The Center for Social Sustainable Systems (CESOSS,) a non-profit group in the South Valley, welcomed New Mexicans to Sanchez Farms Open Space last Saturday to learn about the history of the Valley de Atrisco and the Armijo Acequia at their sixth Acequia Walk and Talk.

An acequia is a traditional irrigation channel used heavily in New Mexican agricultural work. 

Jorge Garcia, the Mayordomo (the head of the acequia) of the Armijo Acequia and founder of CESOSS, led the talk by explaining the history of water rights in New Mexico since it became a state in 1912.

In the 1920s, New Mexico created the Middle Rio Grande Conservancy District (MRGCD) to manage the flow of water and drain the valley in the Albuquerque area. 

Garcia said the acequias that were managed by the community were suddenly faced with a new entity coming in and charging them with taxes. At that time, the South Valley wasn’t necessarily a poor community, but the people subsisted on their farming, according to Garcia.

“This was before New Mexico became a part of the whole capitalist economy,” he said. “So, it was very difficult because a lot of people in the South Valley didn’t understand the anglo-saxon legal system, and some people didn’t speak English so it was a big conflict.”

For people to pay off their taxes, a lot of land was sold by the 1930s. The recession caused people to move outside of the south valley to find jobs.

In 2003, Garcia became a part of organizing around establishing the acequias. Through this process, he found people had a lot of misconceptions about the acequias and who they belonged to.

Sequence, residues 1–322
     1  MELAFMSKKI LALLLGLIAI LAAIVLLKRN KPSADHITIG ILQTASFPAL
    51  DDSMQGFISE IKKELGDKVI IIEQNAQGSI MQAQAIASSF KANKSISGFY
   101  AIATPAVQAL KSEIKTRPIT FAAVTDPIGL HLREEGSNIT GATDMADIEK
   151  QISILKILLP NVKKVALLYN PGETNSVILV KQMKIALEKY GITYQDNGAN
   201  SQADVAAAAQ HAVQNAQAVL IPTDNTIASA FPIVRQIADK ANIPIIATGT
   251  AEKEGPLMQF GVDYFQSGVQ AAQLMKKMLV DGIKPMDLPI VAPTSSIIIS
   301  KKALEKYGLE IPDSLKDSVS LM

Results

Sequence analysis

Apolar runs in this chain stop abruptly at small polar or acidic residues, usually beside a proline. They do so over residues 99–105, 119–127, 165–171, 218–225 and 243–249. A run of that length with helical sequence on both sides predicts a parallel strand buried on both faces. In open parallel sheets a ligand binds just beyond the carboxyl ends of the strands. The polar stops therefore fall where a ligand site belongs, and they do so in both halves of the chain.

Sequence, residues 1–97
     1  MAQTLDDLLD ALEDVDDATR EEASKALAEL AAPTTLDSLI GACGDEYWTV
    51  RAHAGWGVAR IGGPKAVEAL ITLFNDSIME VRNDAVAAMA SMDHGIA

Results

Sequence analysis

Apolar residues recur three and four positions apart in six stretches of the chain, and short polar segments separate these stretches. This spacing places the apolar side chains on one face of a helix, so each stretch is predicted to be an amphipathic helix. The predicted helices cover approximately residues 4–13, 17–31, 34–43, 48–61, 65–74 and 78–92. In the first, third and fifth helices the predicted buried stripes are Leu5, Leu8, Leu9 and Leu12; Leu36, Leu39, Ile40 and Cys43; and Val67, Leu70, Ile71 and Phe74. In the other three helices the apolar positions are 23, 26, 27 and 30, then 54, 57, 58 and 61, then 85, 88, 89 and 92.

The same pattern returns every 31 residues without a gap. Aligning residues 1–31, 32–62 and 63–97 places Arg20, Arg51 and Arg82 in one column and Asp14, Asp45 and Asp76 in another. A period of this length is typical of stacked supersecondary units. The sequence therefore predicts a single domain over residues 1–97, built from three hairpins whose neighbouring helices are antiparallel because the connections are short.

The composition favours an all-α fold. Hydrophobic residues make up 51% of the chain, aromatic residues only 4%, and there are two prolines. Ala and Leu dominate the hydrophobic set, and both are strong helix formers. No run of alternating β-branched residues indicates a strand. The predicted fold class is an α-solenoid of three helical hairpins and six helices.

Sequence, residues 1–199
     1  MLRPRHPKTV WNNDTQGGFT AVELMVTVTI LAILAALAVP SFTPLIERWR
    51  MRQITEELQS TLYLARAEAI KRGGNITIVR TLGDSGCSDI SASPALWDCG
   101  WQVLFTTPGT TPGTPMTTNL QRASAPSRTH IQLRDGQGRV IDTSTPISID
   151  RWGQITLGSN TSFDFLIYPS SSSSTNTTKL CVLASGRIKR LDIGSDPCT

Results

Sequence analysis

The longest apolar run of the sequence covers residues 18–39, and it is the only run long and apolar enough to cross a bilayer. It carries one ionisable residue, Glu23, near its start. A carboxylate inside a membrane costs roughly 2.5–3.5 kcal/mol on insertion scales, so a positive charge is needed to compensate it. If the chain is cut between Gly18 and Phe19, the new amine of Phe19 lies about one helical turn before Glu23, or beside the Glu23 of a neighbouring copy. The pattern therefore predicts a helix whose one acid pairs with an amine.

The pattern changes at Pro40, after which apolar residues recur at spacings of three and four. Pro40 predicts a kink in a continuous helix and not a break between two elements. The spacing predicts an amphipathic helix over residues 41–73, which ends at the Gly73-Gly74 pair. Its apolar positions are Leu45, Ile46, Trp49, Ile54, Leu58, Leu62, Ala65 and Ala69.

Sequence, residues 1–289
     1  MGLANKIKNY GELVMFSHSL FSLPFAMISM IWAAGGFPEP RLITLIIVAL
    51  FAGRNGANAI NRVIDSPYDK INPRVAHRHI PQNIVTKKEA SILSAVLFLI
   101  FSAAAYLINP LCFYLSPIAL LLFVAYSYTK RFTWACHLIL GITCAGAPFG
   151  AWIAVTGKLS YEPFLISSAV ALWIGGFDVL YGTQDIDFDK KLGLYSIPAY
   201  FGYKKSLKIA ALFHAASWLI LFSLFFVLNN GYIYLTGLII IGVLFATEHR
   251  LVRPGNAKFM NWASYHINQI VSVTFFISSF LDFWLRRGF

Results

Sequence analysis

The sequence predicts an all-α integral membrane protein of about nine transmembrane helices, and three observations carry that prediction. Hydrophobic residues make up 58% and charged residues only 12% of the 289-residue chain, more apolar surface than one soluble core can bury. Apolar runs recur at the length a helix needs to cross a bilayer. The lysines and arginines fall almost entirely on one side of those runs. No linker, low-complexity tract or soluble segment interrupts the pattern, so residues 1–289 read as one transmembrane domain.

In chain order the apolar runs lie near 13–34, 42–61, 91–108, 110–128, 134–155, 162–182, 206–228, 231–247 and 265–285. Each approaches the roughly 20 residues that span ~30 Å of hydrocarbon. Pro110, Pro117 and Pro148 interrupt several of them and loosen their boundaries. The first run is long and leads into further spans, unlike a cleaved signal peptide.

Garcia said community members used to think they were no longer in charge of acequias because they had given away their rights during the 1920s. 

After investigating the U.S. and Mexico Constitutions, the Treaty of Guadalupe Hidalgo and various original contracts signed in the 1920s, Garcia found people never relinquished their full rights to the acequias in the MRGCD. 

“The contracts were only for the MRGCD to manage the irrigation system, make sure it was working and that the levees were created. They never actually gave away the acequias as their property,” Garcia said.

The Treaty of Guadalupe Hidalgo gave water rights to individuals as a constitutional right. Since then, Garcia and other members of the community have been fighting for the rights they said that they are entitled to.

Garcia said, at the end of the day, the conflict helped to heal the South Valley community as they became closer to the MRDCG. They were also able to set the record straight that the contracts set in place were still valid.

Dr. Virginia Necochea, the executive director of CESOSS and Garcia’s life partner, said the Armijo Acequia has been connected to her family for generations and is a special place.

Working at the University of New Mexico and other parts of the community, Necohea realized people had a misconception of the South Valley. She said the South Valley is a place with many resources, some of the most important being land and water.

“Our non-profit focuses on the protection and preservation of traditions and these ways of life that are connected to land and water,” Necochea said. “One of our focus areas is definitely the acequias because they represent the veins that connect the entire New Mexico community.”

Necochea said CESOSS has done a lot of work ensuring the resources and assets remain a part of the community in the Middle Rio Grande and reconnecting young people to the agricultural traditions surrounding the acequias

CESOSS is hosting a Tribute to Barelas Acequia Walk and Talk on September 7. More information on this event and other information on what CESOSS does for the community can be found at

Amanda Britt is the Photo Editor at the Daily Lobo. She can be contacted at or at @AmandaBritt__